David Macaulay – CROSSING ON TIME: STEAM ENGINES, FAST SHIPS, AND A JOURNEY TO A NEW WORLD
Caldecott Award-winning artist David Macaulay documents both his own family’s immigration story and the state-of-the art ship that made high speed ocean travel possible. The creator of the best-selling illustrated book, The Way Things Work, the artist brings his signature curiosity, in-depth research, and detailed observations to the story of the steamship in a meticulously constructed and stunningly illustrated book.
Prior to the 1800s, ships crossing the Atlantic Ocean relied on the wind in their sails to make their journeys. But invention of steam power ushered in a new era of transportation that would change ocean travel forever. The book and an exciting plethora of related studies, ship models, photographs, and more, trace the artist’s personal journey from England to the United States, and the unprecedented engineering project that culminated in the building of the most advanced steamship of its time⸺the SS United States. The design and construction of the ship and the life of its designer, William Francis Gibbs, are fully explored, framed by Macaulay’s own poignant story, as he and his family crossed the Atlantic on this marvel of technology and engineering.
An award-winning author and artist who has helped us to understand the workings of everything from simple gadgets to monumental structures, Macaulay employs pictures and words to reveal the secret lives of buildings, the wonders of the human body, and the common sense in the design of everyday things. A gifted visual storyteller, he inspires discovery by demystifying the complexities of our world while celebrating the places the imagination takes us when we least expect it.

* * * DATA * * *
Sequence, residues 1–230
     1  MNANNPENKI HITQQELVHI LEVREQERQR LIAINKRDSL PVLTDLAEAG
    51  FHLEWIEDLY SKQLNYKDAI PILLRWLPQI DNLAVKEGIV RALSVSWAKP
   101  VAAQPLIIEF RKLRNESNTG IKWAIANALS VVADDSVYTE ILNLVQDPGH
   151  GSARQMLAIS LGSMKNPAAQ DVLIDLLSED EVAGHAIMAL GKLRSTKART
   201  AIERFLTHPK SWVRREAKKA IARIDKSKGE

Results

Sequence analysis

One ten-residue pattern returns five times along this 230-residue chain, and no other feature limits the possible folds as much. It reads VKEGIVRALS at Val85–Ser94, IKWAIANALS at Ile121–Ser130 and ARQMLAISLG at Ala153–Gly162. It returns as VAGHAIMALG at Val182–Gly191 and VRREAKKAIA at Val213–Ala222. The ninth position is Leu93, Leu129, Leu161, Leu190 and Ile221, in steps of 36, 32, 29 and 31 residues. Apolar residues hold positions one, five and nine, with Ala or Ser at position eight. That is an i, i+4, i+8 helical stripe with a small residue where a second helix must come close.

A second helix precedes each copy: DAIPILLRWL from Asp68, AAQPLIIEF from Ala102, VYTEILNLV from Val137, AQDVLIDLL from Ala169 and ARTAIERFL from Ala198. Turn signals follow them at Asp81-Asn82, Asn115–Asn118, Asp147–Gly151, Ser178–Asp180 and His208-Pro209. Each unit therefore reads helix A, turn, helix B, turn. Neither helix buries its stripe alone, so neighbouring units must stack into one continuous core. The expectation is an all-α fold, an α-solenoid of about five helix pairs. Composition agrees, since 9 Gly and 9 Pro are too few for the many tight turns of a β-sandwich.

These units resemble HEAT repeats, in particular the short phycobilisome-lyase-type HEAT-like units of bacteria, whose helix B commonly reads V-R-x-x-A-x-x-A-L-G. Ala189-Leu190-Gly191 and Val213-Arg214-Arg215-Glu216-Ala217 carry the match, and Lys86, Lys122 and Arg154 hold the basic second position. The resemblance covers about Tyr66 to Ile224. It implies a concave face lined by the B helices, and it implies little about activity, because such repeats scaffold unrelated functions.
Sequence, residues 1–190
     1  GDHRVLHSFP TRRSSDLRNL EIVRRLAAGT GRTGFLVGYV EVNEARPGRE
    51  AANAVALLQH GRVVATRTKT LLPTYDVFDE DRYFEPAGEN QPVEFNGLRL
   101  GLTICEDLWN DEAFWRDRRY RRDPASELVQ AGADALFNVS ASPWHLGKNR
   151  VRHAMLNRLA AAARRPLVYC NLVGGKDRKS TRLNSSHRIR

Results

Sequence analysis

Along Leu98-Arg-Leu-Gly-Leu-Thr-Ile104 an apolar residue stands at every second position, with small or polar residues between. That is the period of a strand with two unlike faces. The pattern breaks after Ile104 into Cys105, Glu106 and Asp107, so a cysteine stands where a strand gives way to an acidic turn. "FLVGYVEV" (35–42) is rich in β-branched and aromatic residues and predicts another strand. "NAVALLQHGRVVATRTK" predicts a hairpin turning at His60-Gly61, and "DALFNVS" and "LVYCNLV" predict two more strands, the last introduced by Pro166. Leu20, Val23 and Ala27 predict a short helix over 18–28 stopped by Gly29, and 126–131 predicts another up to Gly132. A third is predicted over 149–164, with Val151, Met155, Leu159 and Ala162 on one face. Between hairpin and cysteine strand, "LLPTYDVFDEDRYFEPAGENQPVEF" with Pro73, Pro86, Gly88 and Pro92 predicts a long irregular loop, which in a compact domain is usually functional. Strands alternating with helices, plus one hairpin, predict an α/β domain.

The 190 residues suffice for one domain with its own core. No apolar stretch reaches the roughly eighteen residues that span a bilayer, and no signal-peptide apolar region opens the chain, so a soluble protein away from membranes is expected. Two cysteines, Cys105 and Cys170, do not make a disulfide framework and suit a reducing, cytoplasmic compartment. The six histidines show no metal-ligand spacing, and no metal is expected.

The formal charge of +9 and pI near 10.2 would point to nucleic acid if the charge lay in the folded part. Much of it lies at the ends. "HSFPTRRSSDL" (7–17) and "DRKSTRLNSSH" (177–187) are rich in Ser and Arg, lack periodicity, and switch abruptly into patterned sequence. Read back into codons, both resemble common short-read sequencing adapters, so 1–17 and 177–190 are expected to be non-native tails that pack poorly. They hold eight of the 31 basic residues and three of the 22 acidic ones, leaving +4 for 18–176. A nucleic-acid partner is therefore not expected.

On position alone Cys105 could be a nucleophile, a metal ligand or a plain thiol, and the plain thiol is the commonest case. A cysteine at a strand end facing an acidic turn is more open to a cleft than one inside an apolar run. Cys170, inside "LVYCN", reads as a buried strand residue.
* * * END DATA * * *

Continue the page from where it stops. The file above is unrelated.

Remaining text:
Transcending the boundaries of time, culture, and geography, David Macaulay’s award-winning books reveal his lifelong love of history, and are beloved by readers throughout the world. A Caldecott Medalist and recipient of a prestigious MacArthur “Genius” Fellowship, he is perhaps best known for his international best seller, The Way Things Work, but his many titles include The Way We Work: Getting to Know the Amazing Human Body, Cathedral, City, Castle, Pyramid, Mill, Underground, Unbuilding, Mosque, and Ship. David’s elegant, whimsical picture books include Rome Antics, Shortcut, and Black and White, the winner of the prestigious Caldecott Medal. His art was the subject of an enthusiastically received exhibition at the Norman Rockwell Museum, titled Building Books: The Art of David Macaulay, which traveled to fourteen museum venues nationwide.